The client’s charge to the designer: “The house had to suit our family and be inviting to guests. It had to be durable, a place that could stand up to wet bathing suits, muddy feet, and guests who spill red wine.”
Henry got it. “They had made the house livable,” she says, “and now it had to be family-friendly, with pretty, practical fabrics—and it absolutely had to be colorful. Rachael is very sophisticated about color.”
The project swirled around a few quality pieces the couple owned, including an antique Hepplewhite sofa and a collection of gorgeous Moroccan rugs. “My husband spent part of his childhood in North Africa, and his love of Moorish and Moroccan design informed a lot of Robin’s and Stacey’s choices,” Combe says.
As the design plan came together, Henry proposed painting the floors in the open living and dining room area. As a practical matter, it would help define the space, and because it’s a high-traffic area, it just made more sense than placing area rugs all around.
Her inspiration for the floor-as-canvas came from the lush cutouts of Henry Matisse. “I wanted to use sunrise colors and scatter shapes all over the floor,” she says. When she took the idea to her clients, they laughed. “I guess I thought it was nuts,” says Combe, “but I trusted her.” Henry called in decorative painter Jay C. Lohmann of New York City and Milan. She showed him Matisse and he crafted the layout and pattern for the floor. It was a bold move—but a good one, says Combe. “It’s lovely when the sun comes in through the windows. It feels as though a door to the yard was left open, and leaves blew in. I love that.”
Color is a constant in both subtle and not-so-subtle ways. The Hepplewhite is covered in electric-blue felt. A red chandelier takes center stage in the dining area. Henry played with mixed materials and patterns throughout, choosing silhouettes that echo the colorful curves on the painted floor.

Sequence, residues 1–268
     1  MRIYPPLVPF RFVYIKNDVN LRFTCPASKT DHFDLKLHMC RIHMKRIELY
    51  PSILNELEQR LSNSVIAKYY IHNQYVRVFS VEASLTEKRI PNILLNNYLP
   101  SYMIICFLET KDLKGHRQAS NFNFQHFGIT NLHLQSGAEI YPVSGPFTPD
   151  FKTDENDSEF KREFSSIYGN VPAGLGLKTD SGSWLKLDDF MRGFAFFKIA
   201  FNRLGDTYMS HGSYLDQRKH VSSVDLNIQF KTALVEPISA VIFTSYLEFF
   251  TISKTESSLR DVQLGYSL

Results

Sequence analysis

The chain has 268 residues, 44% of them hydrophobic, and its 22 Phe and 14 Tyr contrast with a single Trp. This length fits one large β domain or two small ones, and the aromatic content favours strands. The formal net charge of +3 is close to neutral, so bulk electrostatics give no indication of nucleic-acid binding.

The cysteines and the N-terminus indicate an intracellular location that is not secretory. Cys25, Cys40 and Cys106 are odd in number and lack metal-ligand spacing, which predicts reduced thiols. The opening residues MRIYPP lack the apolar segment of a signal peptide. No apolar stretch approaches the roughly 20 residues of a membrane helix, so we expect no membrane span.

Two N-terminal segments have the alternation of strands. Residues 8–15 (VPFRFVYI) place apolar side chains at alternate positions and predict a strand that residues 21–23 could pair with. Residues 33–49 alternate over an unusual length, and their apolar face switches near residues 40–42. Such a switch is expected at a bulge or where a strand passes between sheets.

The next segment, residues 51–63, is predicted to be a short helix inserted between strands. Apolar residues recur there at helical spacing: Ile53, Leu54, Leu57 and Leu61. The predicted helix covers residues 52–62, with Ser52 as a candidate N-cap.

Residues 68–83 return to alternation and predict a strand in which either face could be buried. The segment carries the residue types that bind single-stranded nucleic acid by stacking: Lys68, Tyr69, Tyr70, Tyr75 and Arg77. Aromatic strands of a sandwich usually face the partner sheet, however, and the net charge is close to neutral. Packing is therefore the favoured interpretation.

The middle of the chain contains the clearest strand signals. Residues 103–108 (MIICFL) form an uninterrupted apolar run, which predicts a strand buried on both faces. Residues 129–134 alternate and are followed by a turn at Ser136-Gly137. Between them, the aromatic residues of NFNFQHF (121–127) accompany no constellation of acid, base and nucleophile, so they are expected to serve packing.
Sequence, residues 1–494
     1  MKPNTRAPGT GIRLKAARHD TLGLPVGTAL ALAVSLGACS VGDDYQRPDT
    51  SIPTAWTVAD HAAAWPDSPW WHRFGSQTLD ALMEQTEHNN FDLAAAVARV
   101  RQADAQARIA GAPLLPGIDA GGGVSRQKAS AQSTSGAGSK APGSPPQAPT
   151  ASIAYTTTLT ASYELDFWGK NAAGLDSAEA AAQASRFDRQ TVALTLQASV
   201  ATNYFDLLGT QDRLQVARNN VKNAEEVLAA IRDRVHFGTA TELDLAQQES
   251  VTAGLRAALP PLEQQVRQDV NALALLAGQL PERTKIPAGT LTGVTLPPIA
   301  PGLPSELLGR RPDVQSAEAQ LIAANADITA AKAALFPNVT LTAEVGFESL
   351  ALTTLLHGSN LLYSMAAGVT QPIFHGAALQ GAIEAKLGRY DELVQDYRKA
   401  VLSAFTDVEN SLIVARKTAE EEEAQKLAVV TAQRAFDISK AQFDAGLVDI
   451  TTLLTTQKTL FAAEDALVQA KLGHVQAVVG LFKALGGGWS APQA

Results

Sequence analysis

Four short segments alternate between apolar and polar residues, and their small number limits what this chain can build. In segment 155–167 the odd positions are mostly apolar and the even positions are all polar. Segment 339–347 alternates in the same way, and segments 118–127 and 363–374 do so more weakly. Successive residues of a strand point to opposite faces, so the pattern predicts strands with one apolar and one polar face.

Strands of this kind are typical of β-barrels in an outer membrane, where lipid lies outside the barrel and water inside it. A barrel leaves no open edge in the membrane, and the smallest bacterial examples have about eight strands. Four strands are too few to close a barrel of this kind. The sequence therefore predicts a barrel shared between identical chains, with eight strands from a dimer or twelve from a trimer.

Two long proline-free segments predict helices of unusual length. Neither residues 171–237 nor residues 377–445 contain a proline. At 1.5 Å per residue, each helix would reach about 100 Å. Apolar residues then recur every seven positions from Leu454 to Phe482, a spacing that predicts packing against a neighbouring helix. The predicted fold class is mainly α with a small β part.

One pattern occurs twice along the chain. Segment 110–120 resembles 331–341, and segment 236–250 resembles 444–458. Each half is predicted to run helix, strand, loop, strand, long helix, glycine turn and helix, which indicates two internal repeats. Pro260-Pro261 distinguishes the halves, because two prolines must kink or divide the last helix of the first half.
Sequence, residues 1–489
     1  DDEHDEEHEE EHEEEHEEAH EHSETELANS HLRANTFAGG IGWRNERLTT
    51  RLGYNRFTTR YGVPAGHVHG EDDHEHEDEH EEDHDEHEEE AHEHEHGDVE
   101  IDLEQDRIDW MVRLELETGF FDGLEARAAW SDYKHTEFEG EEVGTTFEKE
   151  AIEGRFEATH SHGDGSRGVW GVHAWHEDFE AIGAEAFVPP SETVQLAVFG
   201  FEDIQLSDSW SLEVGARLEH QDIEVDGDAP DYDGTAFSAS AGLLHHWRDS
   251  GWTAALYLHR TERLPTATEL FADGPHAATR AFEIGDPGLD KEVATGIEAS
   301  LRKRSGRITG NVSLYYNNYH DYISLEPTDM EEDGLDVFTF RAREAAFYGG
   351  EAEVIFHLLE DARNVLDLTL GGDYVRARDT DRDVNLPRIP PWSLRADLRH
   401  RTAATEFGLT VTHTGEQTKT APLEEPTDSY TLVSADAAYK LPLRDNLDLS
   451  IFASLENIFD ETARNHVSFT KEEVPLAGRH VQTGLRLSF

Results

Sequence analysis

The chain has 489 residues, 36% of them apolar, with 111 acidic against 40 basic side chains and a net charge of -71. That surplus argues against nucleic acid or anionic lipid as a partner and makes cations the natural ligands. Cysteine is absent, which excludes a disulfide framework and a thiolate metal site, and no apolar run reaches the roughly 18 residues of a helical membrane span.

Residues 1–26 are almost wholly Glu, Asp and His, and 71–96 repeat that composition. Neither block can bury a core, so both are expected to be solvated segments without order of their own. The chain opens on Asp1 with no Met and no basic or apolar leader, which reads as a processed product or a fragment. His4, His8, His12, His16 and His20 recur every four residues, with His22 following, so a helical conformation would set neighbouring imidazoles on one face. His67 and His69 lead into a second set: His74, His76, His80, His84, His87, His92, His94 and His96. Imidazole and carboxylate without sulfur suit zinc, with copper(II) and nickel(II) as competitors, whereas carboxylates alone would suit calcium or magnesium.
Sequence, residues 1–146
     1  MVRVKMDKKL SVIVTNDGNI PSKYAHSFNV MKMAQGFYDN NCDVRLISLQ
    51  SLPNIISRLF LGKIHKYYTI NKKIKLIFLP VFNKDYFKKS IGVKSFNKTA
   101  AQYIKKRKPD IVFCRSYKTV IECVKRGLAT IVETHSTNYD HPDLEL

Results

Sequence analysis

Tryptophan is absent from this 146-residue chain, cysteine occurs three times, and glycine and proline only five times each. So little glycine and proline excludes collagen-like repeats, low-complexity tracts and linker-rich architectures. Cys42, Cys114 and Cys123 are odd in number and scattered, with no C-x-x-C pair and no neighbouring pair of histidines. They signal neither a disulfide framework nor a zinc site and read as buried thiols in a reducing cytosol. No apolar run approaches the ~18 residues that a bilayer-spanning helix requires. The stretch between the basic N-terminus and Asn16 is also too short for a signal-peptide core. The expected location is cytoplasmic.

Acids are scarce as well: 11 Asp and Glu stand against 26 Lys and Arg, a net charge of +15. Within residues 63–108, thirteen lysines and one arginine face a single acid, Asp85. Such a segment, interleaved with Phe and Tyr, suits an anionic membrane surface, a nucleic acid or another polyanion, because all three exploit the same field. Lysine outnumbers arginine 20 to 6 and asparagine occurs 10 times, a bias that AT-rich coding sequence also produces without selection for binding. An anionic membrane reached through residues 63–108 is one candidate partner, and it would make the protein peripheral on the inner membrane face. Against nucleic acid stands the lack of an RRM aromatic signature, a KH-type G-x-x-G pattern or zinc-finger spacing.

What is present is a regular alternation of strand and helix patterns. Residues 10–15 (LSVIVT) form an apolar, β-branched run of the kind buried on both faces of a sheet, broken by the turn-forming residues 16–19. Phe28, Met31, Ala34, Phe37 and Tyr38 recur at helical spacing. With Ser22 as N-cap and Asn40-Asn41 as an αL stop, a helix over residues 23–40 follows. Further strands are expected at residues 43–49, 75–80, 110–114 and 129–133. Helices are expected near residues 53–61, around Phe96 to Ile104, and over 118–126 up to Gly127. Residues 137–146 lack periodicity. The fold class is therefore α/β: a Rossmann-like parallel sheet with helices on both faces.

The walls in a quirky bedroom are papered in blue stripes; the bedcoverings are mismatched, and a bright red Moroccan rug knits it all together. In the master suite, a custom headboard with arabesque notes, a colorful coverlet, and pillows evoke that Moorish vibe. A baby’s room features red-and-navy patterned William Morris wallpaper and another bright rug underfoot. “It all works,” says Combe. “The nice thing about a second home is you don’t fret quite as much about everything ‘going together’ . . . it’s fun to have something different and cheerful.”
To her mind, busy is good. “Sometimes when I see a home in a magazine that’s all neutral and calm, with everything in its place, I think it would be nice to have that, but I don’t think I ever will,” she says. “I do like a casual home—that’s why the painted floor works. It’s okay to have things around, including toys on the floor, and yet it doesn’t feel like clutter; it’s actually more conducive to using the space.”
This colorful home makes the perfect place for the family to chill out on weekends. “We love it here,” says Combe. “You can just feel the temperature go down when we arrive—on all of us.” •